BAVINGER HOUSE


THE GROUP NEW YORK FIVE

Peter Eisenman

Peter Eisenman (born August 11, 1932) is an American architect. Eisenman's professional work is often referred to as formalist, deconstructive, late avant-garde, late or high modernist, etc. A certain fragmenting of forms visible in some of Eisenman's projects has been identified as characteristic of an eclectic group of architects that were (self-)labeled as deconstructivists, and who were featured in an exhibition by the same name at the Museum of Modern Art. The heading also refers to the storied relationship and collaborations between Peter Eisenman and poststructuralist thinker Jacques Derrida. Peter Eisenman's writings have pursued topics including comparative formal analyses; the emancipation and autonomization of the discipline; and histories of Architects including: Giuseppe Terragni, Andrea Palladio, Le Corbusier and James Stirling. While he has been referred to as a polarizing figure, such antagonistic associations are likely prompted by Colin Rowe's 1972 criticism that the work pursues physique form of European modernism rather than the utopian social agendas (See "Five Architects," (New York: Wittenborn, 1972)) or more recent accusations that Eisenman's work is "post-humanist" (Perhaps because his references to the Renaissance are 'merely' formal). While his apathy towards the recent "green" movement is considered polarizing or "out-of-touch", this architectartist (with drawings held by major collections) was also an early advocate of computer aided design. Eisenman employed fledgling innovators such as Greg Lynn and Ingeborg Rocker as early as the 1989.[ Despite these claims of polarity and autonomization, Eisenman has famously pursued dialogues with important cultural figures internationally. These include his English mentor Colin Rowe, the Italian historian Manfredo Tafuri, George Baird, Fredric Jameson,[Laurie Olin, Rosalind Krauss and Jacques Derrida. In addition to his vast literary contributions (as editor, curator, and writer) and professional practice, Eisenman's reputation as a critic and professor of architecture is similarly famed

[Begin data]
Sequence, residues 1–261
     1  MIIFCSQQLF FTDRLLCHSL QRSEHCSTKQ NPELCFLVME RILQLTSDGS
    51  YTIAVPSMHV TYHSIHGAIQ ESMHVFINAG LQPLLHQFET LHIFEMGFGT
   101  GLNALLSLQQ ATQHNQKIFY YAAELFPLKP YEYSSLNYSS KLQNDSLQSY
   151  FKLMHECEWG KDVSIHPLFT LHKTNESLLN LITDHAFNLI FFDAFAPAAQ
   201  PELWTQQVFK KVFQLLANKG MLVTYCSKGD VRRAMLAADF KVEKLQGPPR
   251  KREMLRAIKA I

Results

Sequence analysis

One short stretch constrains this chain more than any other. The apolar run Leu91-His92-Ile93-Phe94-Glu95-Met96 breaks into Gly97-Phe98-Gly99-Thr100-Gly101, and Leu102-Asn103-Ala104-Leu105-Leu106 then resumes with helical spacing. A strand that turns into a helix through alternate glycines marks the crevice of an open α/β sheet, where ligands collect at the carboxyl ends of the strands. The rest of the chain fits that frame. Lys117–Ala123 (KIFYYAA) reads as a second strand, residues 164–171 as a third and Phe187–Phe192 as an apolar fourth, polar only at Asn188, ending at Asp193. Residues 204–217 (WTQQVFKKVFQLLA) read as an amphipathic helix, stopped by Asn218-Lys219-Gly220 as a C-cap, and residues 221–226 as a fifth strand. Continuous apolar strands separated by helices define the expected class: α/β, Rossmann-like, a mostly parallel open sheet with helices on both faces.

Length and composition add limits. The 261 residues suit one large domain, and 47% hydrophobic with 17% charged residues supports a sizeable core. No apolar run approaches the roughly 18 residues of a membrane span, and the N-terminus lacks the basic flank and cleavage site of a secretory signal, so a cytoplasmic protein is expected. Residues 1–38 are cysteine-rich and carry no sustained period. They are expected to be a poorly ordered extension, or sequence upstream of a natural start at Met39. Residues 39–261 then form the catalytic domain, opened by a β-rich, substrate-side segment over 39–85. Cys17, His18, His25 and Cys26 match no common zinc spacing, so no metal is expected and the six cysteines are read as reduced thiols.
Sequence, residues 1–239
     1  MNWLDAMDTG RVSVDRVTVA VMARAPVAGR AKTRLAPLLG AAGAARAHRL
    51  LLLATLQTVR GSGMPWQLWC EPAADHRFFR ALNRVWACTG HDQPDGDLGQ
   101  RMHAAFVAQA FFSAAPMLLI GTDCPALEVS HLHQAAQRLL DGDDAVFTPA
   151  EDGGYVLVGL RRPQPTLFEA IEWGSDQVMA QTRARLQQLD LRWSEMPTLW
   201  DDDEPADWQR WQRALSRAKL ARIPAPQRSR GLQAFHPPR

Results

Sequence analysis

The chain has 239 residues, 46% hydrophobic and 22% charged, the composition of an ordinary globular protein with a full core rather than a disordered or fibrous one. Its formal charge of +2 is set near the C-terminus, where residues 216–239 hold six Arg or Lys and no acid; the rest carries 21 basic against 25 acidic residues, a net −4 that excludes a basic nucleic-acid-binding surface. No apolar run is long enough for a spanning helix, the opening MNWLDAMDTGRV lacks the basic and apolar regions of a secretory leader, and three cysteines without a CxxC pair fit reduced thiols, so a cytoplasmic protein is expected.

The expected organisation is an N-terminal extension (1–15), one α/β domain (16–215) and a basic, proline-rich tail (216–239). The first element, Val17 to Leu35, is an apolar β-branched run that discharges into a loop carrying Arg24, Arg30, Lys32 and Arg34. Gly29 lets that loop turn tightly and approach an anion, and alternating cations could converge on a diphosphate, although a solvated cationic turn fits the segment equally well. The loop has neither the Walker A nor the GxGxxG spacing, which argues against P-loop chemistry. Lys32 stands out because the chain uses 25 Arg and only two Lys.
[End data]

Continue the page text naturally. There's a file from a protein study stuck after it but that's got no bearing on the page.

THE GROUP NEW YORK FIVE Peter Eisenman

The Memorial


THE GROUP NEW YORK FIVE Michael Graves (born July 9,

1934) is an American architect. Identified as one of The New York Five, Graves has become

a household name with his designs for domestic products sold at Target stores in the Michael Graves

United States.